At times, when leaders espouse collaboration, it rolls out more like manipulation and less like innovation by teams.
When I started to write Break Through to Yes, there were few books on collaboration. Those that were published were written by one or two people. My seven books in the Break Through to Yes series include over 100 leaders from eight nations. Integrity demands that a book series on collaboration and leadership must not be the perspectives of a very few.
Why, would you say, is collaboration so daunting to a lot of people?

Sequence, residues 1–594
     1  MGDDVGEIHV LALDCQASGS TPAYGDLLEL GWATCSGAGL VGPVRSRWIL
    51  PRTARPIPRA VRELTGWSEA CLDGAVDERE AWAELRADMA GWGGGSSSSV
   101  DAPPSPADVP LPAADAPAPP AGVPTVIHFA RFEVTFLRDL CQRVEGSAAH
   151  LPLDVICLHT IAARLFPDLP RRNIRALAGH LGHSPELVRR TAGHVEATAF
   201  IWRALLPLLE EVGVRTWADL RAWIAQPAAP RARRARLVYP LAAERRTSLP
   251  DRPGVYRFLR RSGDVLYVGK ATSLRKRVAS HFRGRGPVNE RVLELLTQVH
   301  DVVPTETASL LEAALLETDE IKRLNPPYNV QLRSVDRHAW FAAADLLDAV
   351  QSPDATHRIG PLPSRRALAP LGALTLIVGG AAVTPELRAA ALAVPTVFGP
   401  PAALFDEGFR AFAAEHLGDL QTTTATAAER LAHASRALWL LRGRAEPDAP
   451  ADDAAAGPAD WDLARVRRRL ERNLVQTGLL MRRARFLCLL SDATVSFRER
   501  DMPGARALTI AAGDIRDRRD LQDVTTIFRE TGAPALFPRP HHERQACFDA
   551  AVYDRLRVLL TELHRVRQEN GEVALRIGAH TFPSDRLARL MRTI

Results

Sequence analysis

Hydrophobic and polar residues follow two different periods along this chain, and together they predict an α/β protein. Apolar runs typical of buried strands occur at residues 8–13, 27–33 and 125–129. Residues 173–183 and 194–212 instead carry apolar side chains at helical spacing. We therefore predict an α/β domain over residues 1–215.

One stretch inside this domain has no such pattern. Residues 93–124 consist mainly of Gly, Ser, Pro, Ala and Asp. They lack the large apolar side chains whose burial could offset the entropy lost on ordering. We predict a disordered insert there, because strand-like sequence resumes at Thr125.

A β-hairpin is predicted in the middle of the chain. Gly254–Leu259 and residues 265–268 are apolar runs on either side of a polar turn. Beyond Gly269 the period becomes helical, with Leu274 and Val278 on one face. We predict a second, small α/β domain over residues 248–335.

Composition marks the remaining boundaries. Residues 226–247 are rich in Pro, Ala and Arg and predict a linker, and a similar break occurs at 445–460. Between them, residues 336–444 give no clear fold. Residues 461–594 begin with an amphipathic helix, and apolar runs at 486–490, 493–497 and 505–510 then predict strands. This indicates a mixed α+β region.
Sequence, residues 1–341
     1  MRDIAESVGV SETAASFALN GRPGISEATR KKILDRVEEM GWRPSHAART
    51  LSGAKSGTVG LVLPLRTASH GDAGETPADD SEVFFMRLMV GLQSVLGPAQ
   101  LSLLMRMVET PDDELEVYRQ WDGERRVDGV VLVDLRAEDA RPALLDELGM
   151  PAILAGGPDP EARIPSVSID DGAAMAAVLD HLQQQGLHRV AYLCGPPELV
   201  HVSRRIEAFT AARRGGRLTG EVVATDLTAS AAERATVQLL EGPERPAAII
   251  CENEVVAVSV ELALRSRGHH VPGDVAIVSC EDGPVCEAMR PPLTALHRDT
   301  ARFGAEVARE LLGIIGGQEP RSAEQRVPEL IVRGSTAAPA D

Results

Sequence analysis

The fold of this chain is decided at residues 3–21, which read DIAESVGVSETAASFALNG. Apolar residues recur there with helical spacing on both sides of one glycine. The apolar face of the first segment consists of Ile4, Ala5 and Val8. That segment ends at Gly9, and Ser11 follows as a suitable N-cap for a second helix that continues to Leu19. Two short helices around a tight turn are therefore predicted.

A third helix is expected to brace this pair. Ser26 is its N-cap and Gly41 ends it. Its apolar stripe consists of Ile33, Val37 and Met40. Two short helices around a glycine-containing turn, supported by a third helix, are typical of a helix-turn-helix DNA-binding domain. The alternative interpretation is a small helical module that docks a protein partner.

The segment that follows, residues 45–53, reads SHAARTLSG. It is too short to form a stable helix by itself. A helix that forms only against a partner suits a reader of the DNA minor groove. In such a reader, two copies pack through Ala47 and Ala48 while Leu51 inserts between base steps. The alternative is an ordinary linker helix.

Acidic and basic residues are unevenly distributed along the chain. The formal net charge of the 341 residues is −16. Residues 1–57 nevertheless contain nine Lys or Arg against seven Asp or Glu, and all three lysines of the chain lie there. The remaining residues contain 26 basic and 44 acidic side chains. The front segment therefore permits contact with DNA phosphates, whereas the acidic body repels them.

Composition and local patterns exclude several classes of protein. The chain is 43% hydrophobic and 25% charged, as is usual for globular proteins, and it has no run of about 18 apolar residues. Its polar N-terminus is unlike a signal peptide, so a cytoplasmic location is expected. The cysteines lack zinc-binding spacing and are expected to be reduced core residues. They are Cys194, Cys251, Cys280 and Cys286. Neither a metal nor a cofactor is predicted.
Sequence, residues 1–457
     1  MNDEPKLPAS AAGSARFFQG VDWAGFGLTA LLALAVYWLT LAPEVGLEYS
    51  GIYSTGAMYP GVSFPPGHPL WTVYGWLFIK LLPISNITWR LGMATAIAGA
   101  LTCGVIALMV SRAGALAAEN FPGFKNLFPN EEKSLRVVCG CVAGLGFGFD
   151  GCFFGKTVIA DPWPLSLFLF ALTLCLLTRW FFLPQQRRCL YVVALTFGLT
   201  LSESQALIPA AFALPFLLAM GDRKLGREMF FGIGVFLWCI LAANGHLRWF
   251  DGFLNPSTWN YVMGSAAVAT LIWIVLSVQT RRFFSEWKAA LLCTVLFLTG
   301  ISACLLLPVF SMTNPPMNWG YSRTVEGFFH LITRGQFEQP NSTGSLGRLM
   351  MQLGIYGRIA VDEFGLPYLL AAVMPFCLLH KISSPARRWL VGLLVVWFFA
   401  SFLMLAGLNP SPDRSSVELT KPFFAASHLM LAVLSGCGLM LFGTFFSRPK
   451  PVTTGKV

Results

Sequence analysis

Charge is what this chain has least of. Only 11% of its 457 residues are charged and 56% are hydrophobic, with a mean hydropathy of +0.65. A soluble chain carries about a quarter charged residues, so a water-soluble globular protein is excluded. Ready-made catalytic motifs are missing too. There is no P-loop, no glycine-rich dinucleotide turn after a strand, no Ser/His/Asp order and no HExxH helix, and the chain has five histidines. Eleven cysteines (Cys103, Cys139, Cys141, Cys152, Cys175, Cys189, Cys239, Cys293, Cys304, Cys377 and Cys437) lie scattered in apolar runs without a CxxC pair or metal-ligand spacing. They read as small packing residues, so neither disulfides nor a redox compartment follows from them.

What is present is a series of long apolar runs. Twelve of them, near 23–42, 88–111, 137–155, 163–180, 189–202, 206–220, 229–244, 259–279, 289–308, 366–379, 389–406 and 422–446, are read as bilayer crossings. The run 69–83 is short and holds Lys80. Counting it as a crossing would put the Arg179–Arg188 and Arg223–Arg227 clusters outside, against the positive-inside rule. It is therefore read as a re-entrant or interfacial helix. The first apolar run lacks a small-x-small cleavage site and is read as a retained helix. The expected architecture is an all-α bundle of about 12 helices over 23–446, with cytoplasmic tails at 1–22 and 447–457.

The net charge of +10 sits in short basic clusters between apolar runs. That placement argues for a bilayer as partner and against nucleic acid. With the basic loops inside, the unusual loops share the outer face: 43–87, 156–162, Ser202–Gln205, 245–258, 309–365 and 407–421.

Because, too often, leaders have already made up their minds before they “collaborate”. And because collaboration done very well takes time. Collaboration is not an event. Successful organizations know that collaboration must be a key part off their culture. That is the subtitle; Unlocking the Possible within a Culture of Collaboration.
Many would rather work on their own, why is it important to give collaboration a try?
Often, working alone is a successful strategy. Teams and leaders require a range of “tools in their “toolbox”.
If you want to build your team, gain insights from diverse perspectives, generate ideas that no one alone might possess, and then lock in specific accountabilities for individuals and teams, then collaboration done well meets these needs.
What is your favorite quote from the book and why?